100 Christian Faith Leaders Challenge 2016 Presidential Candidates to Post 3-Minute Video on Their Plans to Fight Poverty, Hunger
I am co-owner of an online boutique store that empowers survivors of trafficking with employment.
I am a social entrepreneur.
I am an abolitionist.
I am…uncomfortable with these kinds of labels.
Because at the end of the day, I’m very ordinary, and these descriptors seem to imply that I’m not.
I live an ordinary life. I wake at the crack of dawn to drive my kids to school and then return home to work, trying to get most of my business done during the hours that my children are at school. Snow days and random holidays are the bane of my work life, and the words, “Sorry, hon, I’m working right now. Give me a minute?” come out of my mouth more than I’d like. I spend the lion’s share of my days on my laptop, troubleshooting, responding to emails, thinking about future lines of clothing, and making sure that the expenses won’t be more than that month’s income. Sometimes, in the midst of the daily humdrum of life, I forget that what I’m doing really does make a difference, half a world away, in the lives of survivors of trafficking.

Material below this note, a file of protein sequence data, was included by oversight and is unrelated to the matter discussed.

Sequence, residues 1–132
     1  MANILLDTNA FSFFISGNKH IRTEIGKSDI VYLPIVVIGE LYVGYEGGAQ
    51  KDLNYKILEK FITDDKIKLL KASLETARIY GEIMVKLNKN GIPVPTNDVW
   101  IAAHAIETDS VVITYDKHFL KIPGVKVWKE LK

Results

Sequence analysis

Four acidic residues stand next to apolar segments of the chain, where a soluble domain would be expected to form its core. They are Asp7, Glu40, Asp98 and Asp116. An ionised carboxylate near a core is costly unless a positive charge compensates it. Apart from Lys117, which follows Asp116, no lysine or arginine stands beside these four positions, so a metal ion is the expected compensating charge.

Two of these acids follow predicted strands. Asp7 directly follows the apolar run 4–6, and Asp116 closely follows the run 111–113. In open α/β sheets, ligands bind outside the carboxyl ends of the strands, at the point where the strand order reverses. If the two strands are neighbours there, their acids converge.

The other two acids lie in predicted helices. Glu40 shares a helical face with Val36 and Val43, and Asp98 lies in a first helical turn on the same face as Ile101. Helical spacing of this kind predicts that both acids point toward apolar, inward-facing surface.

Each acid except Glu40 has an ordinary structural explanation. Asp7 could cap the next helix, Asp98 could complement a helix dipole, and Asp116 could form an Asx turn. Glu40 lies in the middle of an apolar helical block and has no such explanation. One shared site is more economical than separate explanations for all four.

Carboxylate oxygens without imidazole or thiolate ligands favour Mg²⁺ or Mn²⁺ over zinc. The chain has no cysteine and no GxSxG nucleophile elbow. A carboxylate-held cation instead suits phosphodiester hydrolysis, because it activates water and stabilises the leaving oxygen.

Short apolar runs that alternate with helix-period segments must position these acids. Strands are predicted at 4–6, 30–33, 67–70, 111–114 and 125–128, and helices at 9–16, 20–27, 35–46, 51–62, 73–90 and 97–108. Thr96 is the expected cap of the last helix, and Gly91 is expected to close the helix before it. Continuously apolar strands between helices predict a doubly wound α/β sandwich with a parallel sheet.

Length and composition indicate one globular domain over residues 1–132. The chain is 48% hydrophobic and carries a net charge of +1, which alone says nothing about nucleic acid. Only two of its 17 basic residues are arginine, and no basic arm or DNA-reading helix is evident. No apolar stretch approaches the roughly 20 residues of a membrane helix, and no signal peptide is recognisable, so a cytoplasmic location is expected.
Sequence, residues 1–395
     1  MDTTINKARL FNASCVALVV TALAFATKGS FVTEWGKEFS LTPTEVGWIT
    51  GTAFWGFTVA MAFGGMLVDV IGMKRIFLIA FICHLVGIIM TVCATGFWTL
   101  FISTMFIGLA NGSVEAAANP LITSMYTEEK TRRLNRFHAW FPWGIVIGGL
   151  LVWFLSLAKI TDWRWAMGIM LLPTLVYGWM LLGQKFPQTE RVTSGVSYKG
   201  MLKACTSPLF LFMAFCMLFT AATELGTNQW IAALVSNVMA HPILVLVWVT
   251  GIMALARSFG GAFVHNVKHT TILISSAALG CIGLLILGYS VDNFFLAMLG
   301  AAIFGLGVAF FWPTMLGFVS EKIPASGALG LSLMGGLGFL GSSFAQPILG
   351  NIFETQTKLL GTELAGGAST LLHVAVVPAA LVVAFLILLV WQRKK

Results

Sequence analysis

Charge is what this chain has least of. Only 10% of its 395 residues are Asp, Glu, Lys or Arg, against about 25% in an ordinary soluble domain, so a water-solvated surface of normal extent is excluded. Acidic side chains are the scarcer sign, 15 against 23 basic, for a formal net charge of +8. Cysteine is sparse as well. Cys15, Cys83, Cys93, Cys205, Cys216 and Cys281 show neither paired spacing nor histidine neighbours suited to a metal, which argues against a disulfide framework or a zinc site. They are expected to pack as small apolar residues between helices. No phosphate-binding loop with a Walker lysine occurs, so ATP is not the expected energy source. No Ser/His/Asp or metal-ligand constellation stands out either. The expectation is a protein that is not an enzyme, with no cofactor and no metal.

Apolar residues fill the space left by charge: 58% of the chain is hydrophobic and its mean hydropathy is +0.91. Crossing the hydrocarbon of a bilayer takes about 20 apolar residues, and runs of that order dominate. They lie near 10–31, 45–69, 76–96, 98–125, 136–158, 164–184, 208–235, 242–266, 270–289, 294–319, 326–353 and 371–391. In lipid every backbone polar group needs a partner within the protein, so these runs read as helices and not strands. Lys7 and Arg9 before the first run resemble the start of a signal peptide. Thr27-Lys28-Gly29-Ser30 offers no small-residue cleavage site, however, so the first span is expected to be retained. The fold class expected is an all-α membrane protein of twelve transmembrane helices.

One hundred years ago, during the First World War, the Christmas truce took place between British, German, and French soldiers in the trenches on the Western Front. On Christmas Eve 1914, soldiers from opposing sides, who were stationed there to kill each other, instead got to know one another, shared photos of loved ones, and even had a game of soccer.
This of course made their superiors furious, not just because the troops were disobeying orders, but because it is much harder to harm someone with whom you have formed some sort of relationship. The enemy is to be faceless and nameless.
The same holds true for millions of people living in poverty around the world this Christmas. They are the faceless and nameless ones. In reality though, the enemy that is poverty is not faceless. Poverty is about people; it is not about statistics. Poverty is also not just about a lack of material goods; it is more about a lack of dignity, a lack of a sense that you are important. We are reminded that poverty is always personal because it is about relationship.